8 Ways to Succeed in Today's Marketing Environment
Adjust for success
Marketing in 2014 is almost an entirely different business than it was just five years ago, let alone 10 or 20 years ago. The Internet has all but completely disrupted conventional marketing practices, as more and more marketers shift their budgets in favor of strategies more conducive to the digital channels consumers use day-to-day.
“Those big, splashy ad campaigns are now one part of a portfolio that must include blogging and social media content,” says Emily Riley, chief operating officer, Ghostery, and a winner of Marketing EDGE's Rising Star award.
Then, of course, there's the massive influx of customer data—something marketers have dreamed of for decades. Between Big Data, and the many privacy issues that come with it, what should be a boon often manifests as a significant challenge to marketers. All of this without even mentioning the ever-increasing array of marketing technology.
Despite the challenges that come with these advancements, marketers that understand the true nature of the business have much to gain in today's data- and tech-driven environment. Here, Ghostery's Riley and the other winners of Marketing EDGE's 2014 Rising Star award offer advice to novice and veteran marketers alike on how to succeed in 2014 and beyond.
For many marketers, staying ahead of the consumer is paramount. But attempting to do so can seem like sheer folly. Consumers are simply too fast, too agile for some marketers to keep up with. Fear not; as we slip further into the age of listening to customers, marketers who do, in fact, listen to them will see their business soar. “We are listeners now,” says Chris Paradysz, co-CEO at Paradysz. “There's no way to keep up with consumers. They can travel up and down channels so fast. We need to make sure we're a part of the conversations they're having.”
Invest in storytelling
If the content marketing craze tells us anything, it's that customers consume content on their terms. This content must deliver value to said consumers, lest marketers risk losing their attention. Compelling stories have proven essential in today's marketing world. Savvy marketers must assume that storytelling and delivering valuable content will remain one of the best investments marketing budgets can buy. “In the 1980s there was a concept of adver-tainment. This is becoming relevant again,” says Guillermo Novillo, head of global acquisition marketing for Microsoft. “People like and understand stories. You can say you have the best product, but if you say so through a story, it'll stick.”
Focus on the customer
Data and technology are awesome marketing tools. However, when internal meetings center solely on data and technology something gets lost: the customer. “We have all of these different features and channels. Part of what gets lost in all that technology is the basic focusing of marketing messaging to the right customer. You have to focus on the customer,” says Yvette Lui, director of global data and audience partnerships at Facebook.
Embrace the science behind marketing
“Marketers have to be experts on a variety of topics these days. Math is a bigger part [of marketing] now,” Ghostery's Riley says. “It's important to embrace the science behind what we do. The creative is important, but it must be supported by rigorous stats.” Indeed, marketing has evolved to the point that science and data are as essential as creative. Marketers today must have a firm understanding of the role data plays in their business, or risk their creative efforts on an audience that's potentially uninterested in their brand.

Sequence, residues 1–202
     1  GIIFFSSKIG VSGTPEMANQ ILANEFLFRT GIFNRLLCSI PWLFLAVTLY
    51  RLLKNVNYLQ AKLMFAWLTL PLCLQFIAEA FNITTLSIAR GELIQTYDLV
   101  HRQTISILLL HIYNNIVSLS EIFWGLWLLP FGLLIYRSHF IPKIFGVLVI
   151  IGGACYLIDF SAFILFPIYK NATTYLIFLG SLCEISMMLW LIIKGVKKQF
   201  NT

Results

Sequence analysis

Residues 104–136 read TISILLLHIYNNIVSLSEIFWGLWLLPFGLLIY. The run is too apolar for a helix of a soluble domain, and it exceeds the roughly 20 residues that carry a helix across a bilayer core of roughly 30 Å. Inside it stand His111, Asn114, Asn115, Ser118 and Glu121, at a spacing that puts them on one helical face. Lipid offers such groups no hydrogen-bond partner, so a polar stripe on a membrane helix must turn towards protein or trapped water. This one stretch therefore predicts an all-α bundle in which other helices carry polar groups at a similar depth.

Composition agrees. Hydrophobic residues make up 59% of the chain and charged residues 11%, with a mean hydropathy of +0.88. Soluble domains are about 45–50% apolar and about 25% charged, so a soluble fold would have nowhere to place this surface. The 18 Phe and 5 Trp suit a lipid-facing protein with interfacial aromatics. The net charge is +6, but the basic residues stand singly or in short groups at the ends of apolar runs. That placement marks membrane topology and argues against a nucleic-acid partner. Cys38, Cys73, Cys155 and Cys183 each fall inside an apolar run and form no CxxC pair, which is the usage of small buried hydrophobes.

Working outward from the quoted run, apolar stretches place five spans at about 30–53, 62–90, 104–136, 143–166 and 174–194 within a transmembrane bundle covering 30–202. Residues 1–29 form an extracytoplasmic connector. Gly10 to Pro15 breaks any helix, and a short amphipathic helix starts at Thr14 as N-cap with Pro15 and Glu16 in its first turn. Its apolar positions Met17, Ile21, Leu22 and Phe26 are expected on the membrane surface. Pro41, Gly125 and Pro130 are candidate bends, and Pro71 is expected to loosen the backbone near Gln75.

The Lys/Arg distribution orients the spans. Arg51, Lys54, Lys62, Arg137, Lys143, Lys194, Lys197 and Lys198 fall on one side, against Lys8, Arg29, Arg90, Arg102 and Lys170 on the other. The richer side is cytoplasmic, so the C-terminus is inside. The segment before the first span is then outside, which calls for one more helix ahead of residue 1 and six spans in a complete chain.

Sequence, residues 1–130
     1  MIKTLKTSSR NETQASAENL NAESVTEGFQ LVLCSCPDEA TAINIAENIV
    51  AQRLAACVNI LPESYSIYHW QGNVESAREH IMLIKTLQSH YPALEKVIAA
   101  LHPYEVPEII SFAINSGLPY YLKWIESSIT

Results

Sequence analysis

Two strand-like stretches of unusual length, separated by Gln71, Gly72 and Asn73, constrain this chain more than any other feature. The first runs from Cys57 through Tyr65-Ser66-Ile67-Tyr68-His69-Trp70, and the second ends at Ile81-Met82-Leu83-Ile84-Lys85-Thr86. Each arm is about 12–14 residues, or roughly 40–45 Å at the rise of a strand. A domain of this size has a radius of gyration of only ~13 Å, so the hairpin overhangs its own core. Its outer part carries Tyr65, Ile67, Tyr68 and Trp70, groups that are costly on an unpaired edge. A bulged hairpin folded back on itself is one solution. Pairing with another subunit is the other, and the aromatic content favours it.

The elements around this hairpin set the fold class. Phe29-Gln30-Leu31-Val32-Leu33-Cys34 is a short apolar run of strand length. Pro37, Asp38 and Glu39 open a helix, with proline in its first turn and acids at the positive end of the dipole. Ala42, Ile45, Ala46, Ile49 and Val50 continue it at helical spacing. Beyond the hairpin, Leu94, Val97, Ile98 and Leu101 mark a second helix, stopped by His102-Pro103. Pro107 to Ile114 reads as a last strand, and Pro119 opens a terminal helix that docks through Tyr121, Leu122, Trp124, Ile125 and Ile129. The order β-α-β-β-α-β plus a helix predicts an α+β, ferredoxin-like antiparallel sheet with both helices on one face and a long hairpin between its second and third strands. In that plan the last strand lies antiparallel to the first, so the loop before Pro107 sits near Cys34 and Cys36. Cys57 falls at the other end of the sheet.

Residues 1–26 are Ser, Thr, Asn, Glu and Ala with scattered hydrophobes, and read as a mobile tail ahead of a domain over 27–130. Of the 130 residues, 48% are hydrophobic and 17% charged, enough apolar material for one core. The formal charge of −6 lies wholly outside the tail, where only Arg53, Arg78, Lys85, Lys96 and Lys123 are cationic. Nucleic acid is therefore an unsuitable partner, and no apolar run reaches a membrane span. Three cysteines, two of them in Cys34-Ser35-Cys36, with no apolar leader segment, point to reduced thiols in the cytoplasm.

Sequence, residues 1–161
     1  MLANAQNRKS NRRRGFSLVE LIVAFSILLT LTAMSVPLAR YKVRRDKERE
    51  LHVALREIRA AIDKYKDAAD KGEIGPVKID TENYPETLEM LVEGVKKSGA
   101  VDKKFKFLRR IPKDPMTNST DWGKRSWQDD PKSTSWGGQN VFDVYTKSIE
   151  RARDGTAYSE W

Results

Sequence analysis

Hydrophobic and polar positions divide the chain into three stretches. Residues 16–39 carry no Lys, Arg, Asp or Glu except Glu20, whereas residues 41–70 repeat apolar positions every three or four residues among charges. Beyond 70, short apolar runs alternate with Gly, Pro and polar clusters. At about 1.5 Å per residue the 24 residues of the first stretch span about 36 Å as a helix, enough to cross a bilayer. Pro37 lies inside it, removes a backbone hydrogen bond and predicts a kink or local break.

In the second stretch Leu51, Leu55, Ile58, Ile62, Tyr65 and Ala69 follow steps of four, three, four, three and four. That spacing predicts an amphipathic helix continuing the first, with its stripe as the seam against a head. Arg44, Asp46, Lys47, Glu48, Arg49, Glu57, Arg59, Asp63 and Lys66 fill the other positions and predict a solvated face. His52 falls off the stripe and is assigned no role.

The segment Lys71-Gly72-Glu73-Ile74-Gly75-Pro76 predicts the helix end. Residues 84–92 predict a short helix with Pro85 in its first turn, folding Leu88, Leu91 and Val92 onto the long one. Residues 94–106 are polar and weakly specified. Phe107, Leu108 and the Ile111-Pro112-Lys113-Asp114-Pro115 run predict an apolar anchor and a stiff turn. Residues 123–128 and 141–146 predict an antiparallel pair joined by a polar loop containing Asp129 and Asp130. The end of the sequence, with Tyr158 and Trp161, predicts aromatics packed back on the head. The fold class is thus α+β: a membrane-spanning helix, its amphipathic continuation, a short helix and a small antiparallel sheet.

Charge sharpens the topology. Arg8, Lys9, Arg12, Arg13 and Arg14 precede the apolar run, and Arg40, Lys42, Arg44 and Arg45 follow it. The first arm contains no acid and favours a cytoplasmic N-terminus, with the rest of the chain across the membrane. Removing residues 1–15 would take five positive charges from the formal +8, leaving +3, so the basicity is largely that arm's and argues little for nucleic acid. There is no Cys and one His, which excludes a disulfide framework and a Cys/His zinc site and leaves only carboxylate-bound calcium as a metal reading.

Even with the ease of access to data, it's simply impossible to know everything about the many intricacies of marketing. So marketers should strive to always be learning. “Always assume you only know 70% of what you're supposed to know,” Paradysz says. “You cannot possibly know everything. You're should be in this constant state of learning. It forces you to be open to thinking and ideas from everywhere.”
Be mindful of overextension
Marketers often attempt to chase their customers across channels—especially new ones that manage to capture people's wandering attention. “New mediums come up all the time. Each year there's a new flavor of the month. Understanding which ones are relevant is tough and the learning curve is steep for some mediums. A lot of math is pointing to a decline in Facebook advertising for instance. You have to be careful,” says Alex Wasserman, co-founder and CEO, TapFwd.
Cultivate writing skills
There's no denying the ubiquity of the Internet and, though visuals certainly have their place, the written word still holds the lion's share of digital content. “Marketers need the ability to craft great stories. Story telling is so important today,” says Carrie Parker, director, American Express OPEN Forum. “Successful marketers need great writing skills.” Marketers who struggle in written communication will also struggle with narrative. After all, it's hard to write a great story with bad writing.
Have keen business sense
“Accountability got a big push during the recession. Being able to prove what the business contribution is is very important now,” says Dimitri Maex, president, OgilvyOne New York. “Marketing is being scrutinized more and more and has had to grow up from a business perspective.” Marketers must be sure their efforts translate to more and better business for their companies. Given the expansive nature of contemporary multichannel campaigns, and the pressure to show a return on marketing investment, wasting money is not an option.